Weather, trade outlook mixed for crop growers

January 17, 2019 GMT

The crystal ball was working overtime Wednesday at the Fort Wayne Farm Show.

As is traditional at the annual event at Memorial Coliseum, one of the best-attended seminars focused on the upcoming year’s outlook for weather and marketing conditions for corn and soybeans.

And the experts : Ryan Martin, chief meteorologist for Hoosier Ag Today, and Chris Hurt, Purdue University agricultural economist : had mixed news.

Temperatures and precipitation won’t likely play a huge role in planting decisions this year, Martin said. But foreign policy : particularly U.S. trade policy with China : will impact decisions about soybeans.


Martin said it will likely be colder than normal in northeast Indiana through the end of February, close to normal for March and slightly above normal for April. Precipitation, he predicted, will be at or below normal in each of those months. 

“I’m not too concerned about planting delays this year,” he said, adding they were a big issue last year. He also said he doesn’t foresee summertime drought.

“But I’d be worried about the possibility of a late frost this year,” he said, noting that would be between May 1 and May 10, the traditionally cited last frost date here.  

The crop outlook was more complicated, Hurt said. 

Last year, corn yields in Indiana reached record levels, Hurt said, predicting that this year, “we are going to get even higher corn prices.”

While still about 40 cents per bushel under the $4 of a few years ago in 2019, the higher price will likely even things out, he said.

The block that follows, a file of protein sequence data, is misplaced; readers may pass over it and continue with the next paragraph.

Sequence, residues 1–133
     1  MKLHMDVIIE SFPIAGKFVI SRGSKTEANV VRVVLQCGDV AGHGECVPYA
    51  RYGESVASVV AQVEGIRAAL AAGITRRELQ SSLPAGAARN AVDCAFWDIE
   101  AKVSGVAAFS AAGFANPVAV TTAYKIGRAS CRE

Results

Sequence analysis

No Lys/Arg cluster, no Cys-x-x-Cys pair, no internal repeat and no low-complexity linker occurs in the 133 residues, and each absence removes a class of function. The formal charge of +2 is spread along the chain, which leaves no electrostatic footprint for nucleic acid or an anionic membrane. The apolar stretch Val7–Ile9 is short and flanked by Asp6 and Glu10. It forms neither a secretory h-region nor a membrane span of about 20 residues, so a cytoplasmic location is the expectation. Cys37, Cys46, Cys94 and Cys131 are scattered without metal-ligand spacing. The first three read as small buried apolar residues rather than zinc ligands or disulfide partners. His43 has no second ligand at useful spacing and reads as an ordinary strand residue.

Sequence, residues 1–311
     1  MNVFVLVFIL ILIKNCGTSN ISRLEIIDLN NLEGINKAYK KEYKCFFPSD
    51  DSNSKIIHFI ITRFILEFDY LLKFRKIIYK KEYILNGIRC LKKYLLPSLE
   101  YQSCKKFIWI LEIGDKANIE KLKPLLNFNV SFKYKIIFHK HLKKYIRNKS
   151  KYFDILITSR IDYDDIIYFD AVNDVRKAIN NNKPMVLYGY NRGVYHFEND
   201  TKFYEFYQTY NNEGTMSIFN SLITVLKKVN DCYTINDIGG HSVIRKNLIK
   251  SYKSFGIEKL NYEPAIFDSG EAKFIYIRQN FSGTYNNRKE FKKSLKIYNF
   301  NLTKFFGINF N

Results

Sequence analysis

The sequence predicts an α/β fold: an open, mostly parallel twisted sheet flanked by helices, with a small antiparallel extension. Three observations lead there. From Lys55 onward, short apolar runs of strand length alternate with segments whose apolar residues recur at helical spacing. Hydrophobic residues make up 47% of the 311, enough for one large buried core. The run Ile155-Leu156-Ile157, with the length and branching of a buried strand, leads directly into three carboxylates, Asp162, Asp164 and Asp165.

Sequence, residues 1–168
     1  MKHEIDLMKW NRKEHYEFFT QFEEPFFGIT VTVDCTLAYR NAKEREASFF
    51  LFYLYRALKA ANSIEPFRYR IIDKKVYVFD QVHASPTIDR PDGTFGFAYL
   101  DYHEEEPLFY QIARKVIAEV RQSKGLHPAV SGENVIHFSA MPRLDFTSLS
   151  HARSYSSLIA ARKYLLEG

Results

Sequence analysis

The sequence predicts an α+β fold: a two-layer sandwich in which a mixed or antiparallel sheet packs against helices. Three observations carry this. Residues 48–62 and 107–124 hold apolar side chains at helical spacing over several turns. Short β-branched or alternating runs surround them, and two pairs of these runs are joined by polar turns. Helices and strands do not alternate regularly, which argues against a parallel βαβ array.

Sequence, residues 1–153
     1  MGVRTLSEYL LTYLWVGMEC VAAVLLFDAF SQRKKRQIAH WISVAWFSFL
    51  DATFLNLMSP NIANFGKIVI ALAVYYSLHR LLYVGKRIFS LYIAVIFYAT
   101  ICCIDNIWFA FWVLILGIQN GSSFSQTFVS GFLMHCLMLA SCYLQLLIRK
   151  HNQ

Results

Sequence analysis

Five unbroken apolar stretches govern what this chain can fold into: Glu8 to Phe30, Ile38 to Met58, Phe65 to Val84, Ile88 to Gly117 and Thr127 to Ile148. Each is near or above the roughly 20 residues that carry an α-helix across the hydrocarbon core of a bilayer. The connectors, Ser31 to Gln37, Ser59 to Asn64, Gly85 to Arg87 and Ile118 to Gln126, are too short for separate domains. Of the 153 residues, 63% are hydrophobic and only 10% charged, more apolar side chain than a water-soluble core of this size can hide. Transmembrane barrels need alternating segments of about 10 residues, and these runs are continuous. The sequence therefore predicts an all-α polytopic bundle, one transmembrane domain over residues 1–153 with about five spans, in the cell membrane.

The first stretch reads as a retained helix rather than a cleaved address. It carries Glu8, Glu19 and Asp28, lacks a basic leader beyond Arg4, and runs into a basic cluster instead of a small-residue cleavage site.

Soybeans are a different story.

Because of the trade and tariff situation, U.S. farmers lost a major and growing market in China, Hurt said. The result is a huge stockpile of soybeans that remain in storage, both on farms and in commercial storage.

The beans are being stored because there’s either no market or only severely depressed prices.  

 “We’re in a time of great uncertainty with how that (American-China trade policy) is going to play out, ... and that’s continuing,” Hurt said, adding there might be more answers in 40 to 60 days. 

But it’s clear, he said, that U.S. farmers missed a big opportunity when they could not sell to China in October and November, when prices were higher and before soybeans from South America would come to market.

This spring won’t be a good time for U.S. soybean farmers to ship beans to market in China if tensions ease, Hurt said. That’s historically the time for the lowest annual prices, he said.


Meanwhile, other parts of the world, such as Europe, Mexico and South America, haven’t picked up the slack by buying U.S. soybeans, he said.

Federal statistics show China bought 772 million less bushels of soybeans between September and Dec. 6, he said, while the rest of the world added only 305 million.

Meanwhile, Brazil increased shipments, he said, showing a graphic of more than 100 ships heading from Brazil to the Far East in August.

“Arrow in the heart. Received,” he said.

The soybean situation may be worse now, he pointed out, because federal statistics haven’t been updated because of the partial shutdown. He urged farmers to apply for federal trade assistance to back up soybean prices, noting it might be several years for the price and surplus situation to right itself.

Hurt said it remains unclear whether the soybean outlook will cause U.S. farmers to shift more of their production from soybeans to corn.

“Had we known, we wouldn’t have planted so many beans,” Hurt said. “But you have to put the seed in the ground before you can know what the demand will be.

“And, the grand bargain with China could still be coming. So we’ll have to wait and see.”